The Economist has redrawn the electoral map to give all 195 of the world’s countries (including the United States) a say in the election’s outcome. As in America, each country has been allocated a minimum of three electoral-college votes with extra votes allocated in proportion to population size. With over 6.5 billion people enfranchised, the result is a much larger electoral college of 9,875 votes. But rally your countrymenâ€”a nation must have at least ten individual votes in order to have its electoral-college votes counted.
If youâ€™re interested in the workings of an American presidential contest â€“ and letâ€™s face it, the whole world is interested in this American election â€“ The Economistâ€™s Global Electoral College is a good way to understand some of the process by actually taking part, even if youâ€™re not a US citizen with voting rights.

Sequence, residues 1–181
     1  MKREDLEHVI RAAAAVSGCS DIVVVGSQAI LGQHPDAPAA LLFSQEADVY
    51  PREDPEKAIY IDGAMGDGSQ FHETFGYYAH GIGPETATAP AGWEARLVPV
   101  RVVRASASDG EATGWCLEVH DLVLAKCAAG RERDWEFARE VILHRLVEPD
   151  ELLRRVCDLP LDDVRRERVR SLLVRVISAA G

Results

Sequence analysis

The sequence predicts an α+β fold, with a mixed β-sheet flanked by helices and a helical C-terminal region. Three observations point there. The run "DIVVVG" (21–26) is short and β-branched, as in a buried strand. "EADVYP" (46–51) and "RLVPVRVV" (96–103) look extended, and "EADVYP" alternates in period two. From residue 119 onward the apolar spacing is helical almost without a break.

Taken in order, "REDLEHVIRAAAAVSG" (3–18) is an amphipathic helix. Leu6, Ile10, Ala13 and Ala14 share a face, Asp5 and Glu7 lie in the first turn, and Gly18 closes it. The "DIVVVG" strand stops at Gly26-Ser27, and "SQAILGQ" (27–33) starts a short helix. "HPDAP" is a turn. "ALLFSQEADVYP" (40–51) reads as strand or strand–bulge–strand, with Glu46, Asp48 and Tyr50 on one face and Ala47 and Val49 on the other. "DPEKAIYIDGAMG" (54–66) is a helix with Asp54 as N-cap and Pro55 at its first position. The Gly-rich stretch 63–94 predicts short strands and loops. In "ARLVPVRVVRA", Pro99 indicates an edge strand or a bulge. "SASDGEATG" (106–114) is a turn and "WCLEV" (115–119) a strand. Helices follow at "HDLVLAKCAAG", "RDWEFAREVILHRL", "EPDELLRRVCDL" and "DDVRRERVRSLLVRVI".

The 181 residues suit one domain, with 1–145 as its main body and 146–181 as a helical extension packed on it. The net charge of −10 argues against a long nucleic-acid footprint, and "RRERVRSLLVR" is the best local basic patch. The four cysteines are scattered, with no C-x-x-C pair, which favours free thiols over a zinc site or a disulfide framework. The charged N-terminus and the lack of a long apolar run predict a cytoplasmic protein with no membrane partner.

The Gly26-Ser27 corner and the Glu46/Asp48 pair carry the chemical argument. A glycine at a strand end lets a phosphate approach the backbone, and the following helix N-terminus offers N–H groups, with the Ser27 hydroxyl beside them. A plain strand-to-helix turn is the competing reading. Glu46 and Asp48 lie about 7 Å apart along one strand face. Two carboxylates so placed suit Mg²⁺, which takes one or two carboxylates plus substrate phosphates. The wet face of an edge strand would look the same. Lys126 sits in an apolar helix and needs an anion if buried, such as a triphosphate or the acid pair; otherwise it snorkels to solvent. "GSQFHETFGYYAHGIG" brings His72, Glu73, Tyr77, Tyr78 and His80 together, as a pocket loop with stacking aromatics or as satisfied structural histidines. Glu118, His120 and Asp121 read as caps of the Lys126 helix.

Voting closes at midnight UK time on November 1 after which The Economist will announce the winner.
Of course, youâ€™re not really voting in the actual election. But itâ€™s as close as youâ€™ll get without being an American.